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Hawaii Inequality Study Overlooked Thousands of Micronesians – Honolulu Civil Beat

Tamera Heine was at work when she saw the headline: “Racial Inequality In Hawaii Is A Lot Worse Than You Think.”

The story summarized a state report saying Marshallese people have the highest poverty rate in Hawaii. But there was no data on thousands of immigrants from other island nations — the Federated States of Micronesia and the Republic of Palau — who have moved to Hawaii in recent years.

“What?” thought Heine, who is from the Republic of the Marshall Islands and has been living in Hawaii for about a decade. “Ummm, this is wrong.”

Missing data about Pacific island communities is a chronic problem nationwide. Immigrant communities are small and often misunderstood, even though they’re fast growing in cities like Portland, Oregon.

We Are Oceania, Partners in Development. 28 june 2016

The banner of We Are Oceania, which connects Micronesian immigrants with jobs and services, hangs outside its one-stop center in Kalihi.

Cory Lum/Civil Beat

Tavae Samuelu is the executive director of Empowering Pacific Islander Communities, a Los Angeles-based organization that advocates for Pacific Islanders in Washington, D.C., and California. She says lack of data makes it impossible to show the impact of public policies and the American Community Survey doesn’t go into enough detail.

“So much of how resources are allocated and how many people make the case for their needs is based on quantifiable data,” Samuelu says.

In Hawaii, immigrants from island nations in the geographic region of Micronesia in the Pacific have made headlines in recent years for their struggles with homelessness and discrimination.

People from the Marshall Islands, Palau and the Federated States of Micronesia come to Hawaii under a treaty known as the Compact of Free Association that allows immigrants to work and live in the U.S. without visas and vice versa. In return, the U.S. retains control over vast Pacific Ocean territory that’s crucial for national security.

The recent state report had lots of information about income, household size and homeownership for the top 14 biggest racial groups in Hawaii, illuminating huge socioeconomic gaps between Japanese, white and Okinawan residents compared with Samoan, Tongan and Marshallese people in Hawaii.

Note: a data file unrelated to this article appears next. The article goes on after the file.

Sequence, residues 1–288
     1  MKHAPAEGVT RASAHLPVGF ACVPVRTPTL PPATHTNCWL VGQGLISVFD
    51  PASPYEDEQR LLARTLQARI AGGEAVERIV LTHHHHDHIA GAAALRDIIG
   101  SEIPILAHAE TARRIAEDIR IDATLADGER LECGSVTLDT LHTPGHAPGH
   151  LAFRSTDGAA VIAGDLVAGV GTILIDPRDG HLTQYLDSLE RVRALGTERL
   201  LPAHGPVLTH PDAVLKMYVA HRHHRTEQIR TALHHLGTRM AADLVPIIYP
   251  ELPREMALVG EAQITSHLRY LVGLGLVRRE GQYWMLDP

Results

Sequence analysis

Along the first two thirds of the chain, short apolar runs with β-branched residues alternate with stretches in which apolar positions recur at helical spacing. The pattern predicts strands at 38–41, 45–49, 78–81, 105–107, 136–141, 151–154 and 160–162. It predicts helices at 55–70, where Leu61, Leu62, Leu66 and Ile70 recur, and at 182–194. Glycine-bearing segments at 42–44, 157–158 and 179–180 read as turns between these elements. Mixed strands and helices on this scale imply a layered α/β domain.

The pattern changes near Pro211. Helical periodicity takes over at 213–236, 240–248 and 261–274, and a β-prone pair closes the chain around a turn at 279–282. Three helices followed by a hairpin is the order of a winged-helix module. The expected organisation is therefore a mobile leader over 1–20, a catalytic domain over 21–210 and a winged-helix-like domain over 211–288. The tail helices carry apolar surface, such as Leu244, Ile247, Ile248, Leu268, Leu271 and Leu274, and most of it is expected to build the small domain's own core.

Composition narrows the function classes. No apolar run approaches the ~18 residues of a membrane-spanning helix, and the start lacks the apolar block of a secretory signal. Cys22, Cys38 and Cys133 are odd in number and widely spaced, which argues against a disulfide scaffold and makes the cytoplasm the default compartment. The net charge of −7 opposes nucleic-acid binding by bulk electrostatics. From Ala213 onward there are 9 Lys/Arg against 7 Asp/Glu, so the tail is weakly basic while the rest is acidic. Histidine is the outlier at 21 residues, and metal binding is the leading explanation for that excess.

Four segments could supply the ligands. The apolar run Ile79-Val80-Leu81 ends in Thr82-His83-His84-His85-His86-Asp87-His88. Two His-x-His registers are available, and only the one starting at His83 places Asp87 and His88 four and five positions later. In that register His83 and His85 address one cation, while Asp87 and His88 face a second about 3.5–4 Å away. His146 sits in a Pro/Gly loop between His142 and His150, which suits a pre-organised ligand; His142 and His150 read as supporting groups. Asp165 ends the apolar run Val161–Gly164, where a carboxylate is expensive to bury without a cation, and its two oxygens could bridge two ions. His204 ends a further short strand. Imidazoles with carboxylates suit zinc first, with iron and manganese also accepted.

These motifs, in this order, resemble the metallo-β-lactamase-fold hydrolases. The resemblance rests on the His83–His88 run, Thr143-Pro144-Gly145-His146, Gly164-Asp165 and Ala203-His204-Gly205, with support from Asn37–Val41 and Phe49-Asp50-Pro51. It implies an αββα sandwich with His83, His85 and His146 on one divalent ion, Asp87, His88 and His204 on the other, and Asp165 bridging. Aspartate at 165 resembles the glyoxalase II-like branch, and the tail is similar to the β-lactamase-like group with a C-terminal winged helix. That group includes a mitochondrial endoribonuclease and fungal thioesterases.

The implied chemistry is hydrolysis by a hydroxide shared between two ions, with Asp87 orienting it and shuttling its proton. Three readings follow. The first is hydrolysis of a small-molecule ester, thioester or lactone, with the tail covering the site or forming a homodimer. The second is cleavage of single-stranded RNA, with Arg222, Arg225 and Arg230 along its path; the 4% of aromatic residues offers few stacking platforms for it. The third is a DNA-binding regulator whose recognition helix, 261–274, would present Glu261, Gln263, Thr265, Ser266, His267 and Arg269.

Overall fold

But there was no mention of people from Chuuk or other islands in the Federated States of Micronesia. They were lumped into another category called “Other Micronesians” made up of more than 18,000 people. That’s about equal to the number of people who make up Hawaii’s Okinawan, Chamorro and Tongan communities combined.

State researcher Eugene Tian says it wasn’t possible to include the FSM community in this analysis because the data didn’t exist. The American Community Survey requires racial groups to be a certain size before noting them, and didn’t share any information on the socioeconomic status of “Other Micronesians” apart from the population size.

The Marshallese community had enough people claiming the ethnicity to make the cut, Tian says.

There’s no way to find the FSM population by searching the survey results by ancestry either — even though the survey includes data on many European countries like the Czech Republic and Poland, some with no one in Hawaii.

Service providers say the lack of data makes it harder to help immigrant communities.

“You can’t do services if you don’t know what the issues, what the problems are,” says Jojo Peter, a member of the Hawaii Civil Rights Commission who moved to Hawaii from Chuuk.

“Data is money,” says Josie Howard, who leads We Are Oceania, which helps connect immigrants from Micronesia to jobs and social services.

Anecdotally, Peter and Howard know the community suffers from poverty and has difficulty obtaining health care services. But lack of data makes it tough to show exactly what the problems are and to what extent. A 2012 survey commissioned by the Federated States of Micronesia estimated there are about 8,000 FSM immigrants in Hawaii.

There’s also the importance of showing how communities are improving over time, they say, which is hard without any benchmark numbers.

Peter thinks gathering data is particularly important because he suspects that the socio-economic status of FSM immigrants is very similar to the Marshallese community. The report found more than half of Hawaii’s Marshallese community lives in poverty and they have high rates of unemployment and overcrowding.

But data can be a double-edged sword. The spotlight on the local Marshallese community led to media coverage that Heine says reinforced negative stereotypes. The Honolulu Star-Advertiser article about the report emphasized the high poverty rate for the Marshallese community in the headline.

“It just doesn’t make it any better for Marshallese who are already stigmatized,” says Heine, who works at the Marshallese Consul General’s office. “People still have stereotypes about Marshallese not being the best neighbors in Hawaii. It just kind of made it worse.”

She added the report found the median age of Marshallese people in Hawaii is 18 years old. “So of course most 18-year-olds aren’t going to be earning a higher income or owning a house,” she said.

But Howard from We Are Oceania says if a survey were to find the majority of immigrants from FSM are impoverished, even knowing that a small percentage own homes and earn high incomes is important.

“People who always see Micronesians as not capable, not able to own a home, don’t work a high paying job, will see that there is a number of people who are actually capable,” Howard says.

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Source: Google News : http://www.civilbeat.org/2018/05/hawaii-inequality-study-overlooked-thousands-of-micronesians/

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